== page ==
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The Argus For 1864

The Argus For 1864 image
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The expenses of currying on business have inercased so enormously vrithin tb last two years, that we Cud it absolutely oecesaary to mako a chango in oür term - both in subseription and advertising Lavo been furnishing tho Arous a old rates, but artioles of food and c!oth ing havo attaiiicd suoh priees that it is absolutely impossiblc for us to do so long er and support our family. We have tried the utmost eeonomy, but have fuiled to make the "two ends meet." Two years ago the $_l,50 we got for the Argüs would buy us 15 yards of cotton cloth, it will now -buy 4. - Othor artieles of dreas - both for men and women - have inereased, not in the same proportiou, but largfily. In artieles of 'provisión, cofiee is about three times tho old price, avid sugars from two to threo times. Farm Produce %f all kinds, fuol, &c, &c., have ulso largely increasid in pricc, so that whilo we have been keeping our paper at tho old rate, tho expense of living hasfully doubled. And, asido from the expenses of living, the iucreased price of paper and printing malerhl of all kinds, makes our paper ready for delivery, cost us onethird or one-half more thau two years ago, while we get the same for ifc, and that same will buy us nothing, or near to nothing, in tbc market. Any of our subscribers can soon demónstrate mathematically that we can not stand this longer. Now, for the reme.dy. After tho first day of January uext, we shall charge $2 a year for the Arous, and not a name will be entered on our subseription book without the pay in advance. Subscribers who havo already paid for the Aiioufi for tho wholo or part of the coming year, will be furnished at the old rate for tho time paid for, and new subscription will be received up to January let at $1,50 in advance. Subscribers in arrears can secure the paper for 1864 at $1 50 by payinj up all arrears fo pkiok January lst, and a year in advance. After January lst all those in arrears will be cbarged 2 a year èoth for the past and future. These terras we shall strictly adhere to until pricos óf other articles go back to the old figures. From and after the first of January our rates of advertising will be ncroasop 25 per cent from our present published terms, and advertiseis should tak o notioo accordingly. At that date a new scale of pricea will bo plaocd iq the proper columns. We hope that every subseriber will sec the necessity of this action, and by making imtuediate settlemeut accomodatc both tbeinselvcs and us. In addition to this announccmcnt wc have only to promise h:it we shall endeavor to inako tho Arous worth the money we ask for it. If our subscribers are prompt in paying their dues we shall be ablc to do better bv tiiom than wc can, if compelled to spend time from day to day in making out, and running around witli smatt bilis that should be given to the paper. iy Many of our Rejmblican friends are very fond of quoting Gov. Bramleite, of Ky. They regard him ns a model DcTnocrat, and pit him against Seymoür and all other Detnocrats who clioose to hold opiniona different from thoso radioals who don't believe in the the Union tiniess tbe negroos aro abolished. For the benefit of those admirers of Gov. Bramt.ette, we quote the following truthful parngraph from a recent letter of his. It is a life-like portrait of tliüse radioals in all partios who, in langunge more expressivo than po'ite, raciy bc aaid to bave " the niggor on the brnin'': " But did it ever occur to you how closely allied i-i the patriotism of those who are not willing to save the Union without slavery, and those who are not willing to save it loilh slavery ? The patriotism of these two classes is exaclhj the same. It is a low grade of patriotism, and I confess I see no preference between them. Though win sentiments, they are in constant dispute. - So short is tho visión and feeble the grasp of their Unionism, that they neither see nor can tbey grasp any object or thought of a great f;ee government. The " nigger" bounds the horizon of freo government." EtST Á bank has been organized at Ypsilanti, under the National Ourrency act, with a capital of $50.000, and wil! go into opcration on the first dny of January. Asa Dow is President, Daniel L Quirk, Vioe President, and Benjamin Follett, Cashier. i&3C Washington advices docidedly indícate that Congress vvill immediately strike out the 1300 commutation clause, and abolish the distinction between c!a?Res. tSTThe township of Pittsfield hia held a special election, and voted a bounty of $150 c voluntfers.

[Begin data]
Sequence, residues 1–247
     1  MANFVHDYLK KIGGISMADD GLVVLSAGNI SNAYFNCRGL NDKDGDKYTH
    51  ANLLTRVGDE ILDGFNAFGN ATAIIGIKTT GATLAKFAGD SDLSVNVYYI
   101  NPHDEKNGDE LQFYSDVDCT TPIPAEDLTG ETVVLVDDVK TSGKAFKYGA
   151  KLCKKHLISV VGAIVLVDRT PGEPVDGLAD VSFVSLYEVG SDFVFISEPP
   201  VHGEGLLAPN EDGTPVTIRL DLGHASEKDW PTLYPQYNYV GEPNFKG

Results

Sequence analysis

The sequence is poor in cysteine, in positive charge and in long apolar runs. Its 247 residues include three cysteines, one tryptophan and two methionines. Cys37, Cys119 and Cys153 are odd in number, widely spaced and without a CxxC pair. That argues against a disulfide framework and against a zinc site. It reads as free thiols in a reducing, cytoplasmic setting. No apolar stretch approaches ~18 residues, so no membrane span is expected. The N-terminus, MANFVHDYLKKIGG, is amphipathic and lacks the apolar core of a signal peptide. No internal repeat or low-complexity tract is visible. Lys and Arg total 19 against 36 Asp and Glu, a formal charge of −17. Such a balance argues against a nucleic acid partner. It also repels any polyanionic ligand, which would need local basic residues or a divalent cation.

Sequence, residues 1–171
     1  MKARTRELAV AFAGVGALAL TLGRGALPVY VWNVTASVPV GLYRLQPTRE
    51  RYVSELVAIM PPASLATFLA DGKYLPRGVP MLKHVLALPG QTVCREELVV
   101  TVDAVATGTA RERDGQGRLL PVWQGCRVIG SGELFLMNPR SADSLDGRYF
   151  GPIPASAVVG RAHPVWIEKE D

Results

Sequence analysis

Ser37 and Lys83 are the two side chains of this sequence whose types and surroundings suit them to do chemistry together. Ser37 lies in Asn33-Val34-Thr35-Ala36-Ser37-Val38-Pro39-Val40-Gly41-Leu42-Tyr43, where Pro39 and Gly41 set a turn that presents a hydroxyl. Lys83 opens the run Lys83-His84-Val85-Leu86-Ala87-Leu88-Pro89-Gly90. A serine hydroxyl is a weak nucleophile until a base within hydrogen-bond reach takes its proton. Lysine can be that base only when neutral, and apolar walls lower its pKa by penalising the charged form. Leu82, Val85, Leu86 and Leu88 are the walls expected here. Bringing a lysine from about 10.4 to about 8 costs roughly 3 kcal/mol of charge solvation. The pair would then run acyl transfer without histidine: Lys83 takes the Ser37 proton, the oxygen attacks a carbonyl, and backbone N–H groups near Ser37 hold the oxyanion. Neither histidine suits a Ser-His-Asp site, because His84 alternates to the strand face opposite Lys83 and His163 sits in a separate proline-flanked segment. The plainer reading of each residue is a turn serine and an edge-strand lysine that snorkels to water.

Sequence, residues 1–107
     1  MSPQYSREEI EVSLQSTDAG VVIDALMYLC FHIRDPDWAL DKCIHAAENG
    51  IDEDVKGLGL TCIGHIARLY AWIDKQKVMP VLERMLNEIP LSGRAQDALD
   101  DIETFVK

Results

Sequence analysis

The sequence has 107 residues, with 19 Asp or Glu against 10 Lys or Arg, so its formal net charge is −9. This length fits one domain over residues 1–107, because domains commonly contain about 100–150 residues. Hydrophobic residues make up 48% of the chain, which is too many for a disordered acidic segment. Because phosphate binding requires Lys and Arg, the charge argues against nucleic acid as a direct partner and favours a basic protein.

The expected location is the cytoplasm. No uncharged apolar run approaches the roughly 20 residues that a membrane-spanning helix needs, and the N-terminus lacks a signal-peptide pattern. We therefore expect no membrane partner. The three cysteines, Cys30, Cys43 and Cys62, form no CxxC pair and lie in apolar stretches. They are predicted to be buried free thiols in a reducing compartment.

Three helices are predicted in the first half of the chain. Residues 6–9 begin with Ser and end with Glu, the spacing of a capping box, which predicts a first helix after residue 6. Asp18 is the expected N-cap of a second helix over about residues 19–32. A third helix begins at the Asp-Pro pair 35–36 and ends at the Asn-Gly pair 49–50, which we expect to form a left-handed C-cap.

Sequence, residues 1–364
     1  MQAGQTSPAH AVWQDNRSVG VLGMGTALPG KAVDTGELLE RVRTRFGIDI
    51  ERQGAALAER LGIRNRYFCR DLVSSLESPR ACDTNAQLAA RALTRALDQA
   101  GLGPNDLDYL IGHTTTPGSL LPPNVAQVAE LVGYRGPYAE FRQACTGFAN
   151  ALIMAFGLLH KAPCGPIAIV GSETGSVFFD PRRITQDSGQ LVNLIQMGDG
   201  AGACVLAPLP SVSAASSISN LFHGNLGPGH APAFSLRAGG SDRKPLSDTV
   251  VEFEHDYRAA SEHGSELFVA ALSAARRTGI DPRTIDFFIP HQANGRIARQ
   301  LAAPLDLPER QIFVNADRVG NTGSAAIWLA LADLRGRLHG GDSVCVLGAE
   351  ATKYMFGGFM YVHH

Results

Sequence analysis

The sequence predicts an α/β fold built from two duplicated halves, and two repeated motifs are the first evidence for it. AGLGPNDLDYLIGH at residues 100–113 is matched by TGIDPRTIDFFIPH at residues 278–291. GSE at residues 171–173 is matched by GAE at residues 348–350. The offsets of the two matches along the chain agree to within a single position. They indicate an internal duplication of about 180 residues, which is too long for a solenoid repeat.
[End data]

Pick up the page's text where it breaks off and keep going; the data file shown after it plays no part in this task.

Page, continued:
Old News
Michigan Argus